This is the sort of post that is a business train wreck, and one that only becomes more painful the farther you read. Please be warned.
On the 1st of February, Microsoft put forth an unsolicited bid for Yahoo at some $31 per share. That amounted to a total bid of 44.6 billion dollars. You can check the press reaction to the deal here, if you are curious. On May 3rd, 2008, Microsoft retracted it’s bid. The press reaction to the bid’s pulling can be found here.
“The most intimate digital technology festival on the planet”
CNBC liked TNW Conference that much
When it did so, it made it known to the world that it had chosen to up its offer to $33 per share, or what the company calculated to be a $5 billion boost to its initial proffering. That brings the final bid price that Microsoft officially made to Yahoo to $49.6 billion. Today, Yahoo was valued in the market at around a mere $18.1 billion. After the news broke that Microsoft was again potentially looking to buy the company, its stock jumped 10%, bringing the company’s value to $20.1 billion.
No matter how you rationalize Yahoo’s current stock price, it is massively below what Microsoft had previously offered to buy the company for.
The first of February, 2008, when the first bid was released, was 1342 days ago. The second offer is harder to pin down, but in his May 3rd retraction, Microsoft CEO Steve Ballmer noted that his upped offer had happened ‘that week.’ We are therefore going to use the date May 1st to represent that second offering. That was 1252 days ago.
Now, the fun part. Let’s run the numbers on how much money Microsoft has saved by not buying Yahoo at both its bid prices, compared to the company’s valuation today both before, and after it jumped following the news that Microsoft might be back in the game. We are comparing an acquisition offer (which contained a premium) to market price to show how much Microsoft saved, not to demonstrate what the price differential might be if Microsoft made yet another bid that contained another sweetening premium; we have no way to estimate that.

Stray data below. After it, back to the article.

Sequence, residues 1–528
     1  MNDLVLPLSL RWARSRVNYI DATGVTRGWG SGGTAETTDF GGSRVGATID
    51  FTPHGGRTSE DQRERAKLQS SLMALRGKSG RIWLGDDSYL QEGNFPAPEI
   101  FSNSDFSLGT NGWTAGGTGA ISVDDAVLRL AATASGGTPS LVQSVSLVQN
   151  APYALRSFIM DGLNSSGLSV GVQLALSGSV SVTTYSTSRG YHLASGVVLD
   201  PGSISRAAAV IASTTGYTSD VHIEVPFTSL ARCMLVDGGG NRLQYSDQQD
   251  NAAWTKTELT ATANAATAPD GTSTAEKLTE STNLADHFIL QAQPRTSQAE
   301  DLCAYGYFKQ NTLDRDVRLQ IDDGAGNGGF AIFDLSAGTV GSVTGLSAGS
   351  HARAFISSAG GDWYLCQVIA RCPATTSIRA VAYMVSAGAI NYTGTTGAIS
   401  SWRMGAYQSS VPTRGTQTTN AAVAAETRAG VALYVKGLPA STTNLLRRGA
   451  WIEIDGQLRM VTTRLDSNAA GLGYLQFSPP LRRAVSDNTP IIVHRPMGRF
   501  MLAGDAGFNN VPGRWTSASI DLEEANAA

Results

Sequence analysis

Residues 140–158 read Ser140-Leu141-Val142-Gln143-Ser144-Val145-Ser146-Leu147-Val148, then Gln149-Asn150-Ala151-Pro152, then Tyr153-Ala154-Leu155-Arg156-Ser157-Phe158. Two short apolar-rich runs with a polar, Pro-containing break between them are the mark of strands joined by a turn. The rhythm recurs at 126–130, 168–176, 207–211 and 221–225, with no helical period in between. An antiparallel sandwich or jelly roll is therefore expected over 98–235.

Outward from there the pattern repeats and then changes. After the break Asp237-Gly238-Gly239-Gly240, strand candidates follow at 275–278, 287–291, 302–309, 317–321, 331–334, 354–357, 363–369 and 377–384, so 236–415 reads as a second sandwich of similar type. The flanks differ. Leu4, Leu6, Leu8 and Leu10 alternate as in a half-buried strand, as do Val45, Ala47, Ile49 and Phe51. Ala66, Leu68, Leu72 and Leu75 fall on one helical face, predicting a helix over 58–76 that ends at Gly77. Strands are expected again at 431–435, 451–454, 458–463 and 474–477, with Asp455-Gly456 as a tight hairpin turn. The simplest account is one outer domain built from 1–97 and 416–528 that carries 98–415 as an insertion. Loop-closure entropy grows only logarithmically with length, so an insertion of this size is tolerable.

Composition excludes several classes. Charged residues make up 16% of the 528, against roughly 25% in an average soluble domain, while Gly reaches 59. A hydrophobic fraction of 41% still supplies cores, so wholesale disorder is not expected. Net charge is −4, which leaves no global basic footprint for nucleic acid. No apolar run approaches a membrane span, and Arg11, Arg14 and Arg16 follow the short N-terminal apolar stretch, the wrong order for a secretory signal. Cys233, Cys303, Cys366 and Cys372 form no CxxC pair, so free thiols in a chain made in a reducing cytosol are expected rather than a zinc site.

To refresh, Yahoo was worth 18.1 billion dollars today before the reports came forth that Microsoft was interested, and 20.1 billion at the close of the day. Let’s compare those figures to Microsoft’s first offer of $44.6 billion:
Compared to today’s pre-news price: $26.5 billion
- $26.5 billion divided by the number of days since offered deal: $19,746,646 [1342 days]
- $26.5 billion divided by the number of hours since offered deal: $822,776
Compared to today’s post-news price: $24.5 billion
- $24.5 billion divided by the number of days since offered deal: $18,256,333 [1342 days]
- $24.5 billion divided by the number of hours since offered deal: $760,680
Let’s do the same with Microsoft’s second bid, 49.6 billiondollars, and today’s two market levels:
Compared to today’s pre-news price: $31.5 billion
- $31.5 billion divided by the number of days since offered deal: $25,159,744 [1252 days]
- $31.5 billion divided by the number of hours since offered deal: $1,048,322
Compared to today’s post-news price: $29.5 billion
- $29.5 billion divided by the number of days since offered deal: $23,562,300 [1252 days]
- $29.5 billion divided by the number of hours since offered deal: $981,762
This means that at its highest bid point, 49.6 billion, and today’s pre-news price, Microsoft has saved some $1.05 million dollars per hour by not buying Yahoo, in terms of its market value. Yahoo would have been, if its history as a standalone company and the market’s perception of it are true, a massive flop of a purchase.
Of course, Yahoo does generate cash and profits, so the losses above are exaggerated, but they remain obvious. And yet Microsoft is back. You want to wonder why.